Trump considers pardon for Ali, invites protesting athletes to suggest 'friends' for clemency

WASHINGTON — President Trump has a list of “3,000 names” of people he is considering for pardons and commutations, he said Friday, including heavyweight boxing champion Muhammad Ali, who was convicted of evading the draft in 1967.

But Ali’s conviction was overturned by the Supreme Court four years later, and the lawyer representing his family said “a pardon is unnecessary.” Ali died in 2016.

Trump spoke to reporters on the South Lawn of the White House before departing for the G-7 summit in Canada.

Trump boasted about the pardons he has issued in recent weeks to early 20th century boxer Jack Johnson and to a nonviolent drug offender named Alice Marie Johnson.

“There will be more pardons. I thought Alice yesterday was beautiful. I thought Jack Johnson, which was recommended by Sylvester Stallone and some great boxers, I thought Jack Johnson was a great one,” Trump said.

Jack Johnson, who was the first African-American heavyweight champion, was convicted at the height of his fame in 1913 of violating a law making it a crime to transport women across state lines for an “immoral purpose.” Historians believe he was targeted for prosecution because he had relationships with white woman. Johnson died in 1946, but in recent years many advocates have pushed for him to get a posthumous pardon, including Stallone, who famously starred in the “Rocky” series of films. The president pardoned Johnson late last month.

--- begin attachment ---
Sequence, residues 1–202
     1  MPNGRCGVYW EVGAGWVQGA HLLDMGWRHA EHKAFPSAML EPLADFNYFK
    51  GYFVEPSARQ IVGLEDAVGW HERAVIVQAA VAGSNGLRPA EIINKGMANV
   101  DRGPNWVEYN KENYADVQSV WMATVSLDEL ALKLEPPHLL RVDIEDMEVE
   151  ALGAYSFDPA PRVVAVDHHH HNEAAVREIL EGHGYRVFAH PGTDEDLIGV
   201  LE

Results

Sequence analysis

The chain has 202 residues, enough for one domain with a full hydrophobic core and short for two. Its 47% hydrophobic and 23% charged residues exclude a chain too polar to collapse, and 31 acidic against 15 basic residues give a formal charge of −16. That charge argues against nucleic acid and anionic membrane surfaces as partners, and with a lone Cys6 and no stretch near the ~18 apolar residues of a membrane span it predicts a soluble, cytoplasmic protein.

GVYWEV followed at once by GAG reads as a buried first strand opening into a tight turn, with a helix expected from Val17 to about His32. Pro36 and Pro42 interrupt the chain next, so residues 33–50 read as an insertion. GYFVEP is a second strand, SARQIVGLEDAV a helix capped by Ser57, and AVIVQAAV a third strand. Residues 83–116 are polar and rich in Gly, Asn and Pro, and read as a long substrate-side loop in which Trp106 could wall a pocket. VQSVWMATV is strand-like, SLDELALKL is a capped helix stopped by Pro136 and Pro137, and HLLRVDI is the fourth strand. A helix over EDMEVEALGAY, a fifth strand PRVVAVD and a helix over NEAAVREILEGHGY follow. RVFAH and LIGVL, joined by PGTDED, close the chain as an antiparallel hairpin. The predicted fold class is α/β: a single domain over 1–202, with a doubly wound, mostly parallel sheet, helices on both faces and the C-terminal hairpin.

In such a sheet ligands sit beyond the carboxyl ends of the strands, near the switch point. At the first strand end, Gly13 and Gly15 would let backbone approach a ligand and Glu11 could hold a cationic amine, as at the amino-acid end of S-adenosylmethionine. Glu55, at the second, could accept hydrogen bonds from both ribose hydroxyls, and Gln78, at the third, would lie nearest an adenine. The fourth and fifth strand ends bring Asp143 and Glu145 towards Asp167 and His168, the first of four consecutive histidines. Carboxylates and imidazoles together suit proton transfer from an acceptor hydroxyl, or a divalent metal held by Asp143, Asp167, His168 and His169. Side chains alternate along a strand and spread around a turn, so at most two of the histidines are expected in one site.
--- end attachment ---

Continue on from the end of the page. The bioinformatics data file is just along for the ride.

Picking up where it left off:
Alice Marie Johnson, a 63-year-old African-American great-grandmother who is not related to the boxer, was convicted on multiple counts in 1996 stemming from her involvement in a Tennessee cocaine trafficking organization. She was sentenced to life in prison the following year. Johnson applied for clemency during the administration of President Barack Obama and was denied. She and her lawyers argued that she turned to drug dealing to support her family and was given an overly harsh sentence.

Alice Marie Johnson (left), who was released from prison Wednesday, waits with her daughter, Katina Marie Scales, for a TV interview on Thursday. (Photo: Adrian Sainz/AP).
Alice Marie Johnson (left), who was released from prison Wednesday, waits with her daughter, Katina Marie Scales, for a TV interview on Thursday. (Photo: Adrian Sainz/AP).

Johnson’s cause was taken up by reality television star Kim Kardashian, who brought up her case when she visited Trump in the Oval Office on May 30 to discuss prison reform. Trump commuted Johnson’s sentence on June 6. Johnson was released from jail and reunited with her family the same day. She praised the president for giving her a “second chance in life.”

After discussing his previous pardons, Trump hinted that he is considering one for another high-profile figure.

“I’m thinking about somebody that you all know very well and he went through a lot and he wasn’t very popular then,” Trump began.

A reporter interrupted to ask Trump if he was referring to former NFL player O.J. Simpson, who was convicted on charges of armed robbery and kidnapping in 2008 after he attempted to reclaim his own sports memorabilia from dealers. Simpson lost the items amid various financial woes after a civil jury found him liable for the 1997 murders of his ex-wife, Nicole Brown Simpson, and her friend Ron Goldman. Simpson was acquitted of the murders in a criminal trial.

“No. I’m not thinking about O.J.,” Trump said. “I’m thinking about Muhammad Ali.”

Ali, considered one of the greatest boxers of all time, was also one of the most controversial. Born Cassius Clay, he changed his name after he joined the Nation of Islam, and his refusal to report for induction to the Army at the height of the Vietnam War made him a reviled figure among conservatives. Convicted of draft evasion and sentenced to five years in prison in 1967, he also was stripped of his championship, which he later regained in an epic fight against George Foreman. His sentence was postponed as he appealed the verdict, and in 1971 the Supreme Court overturned his conviction.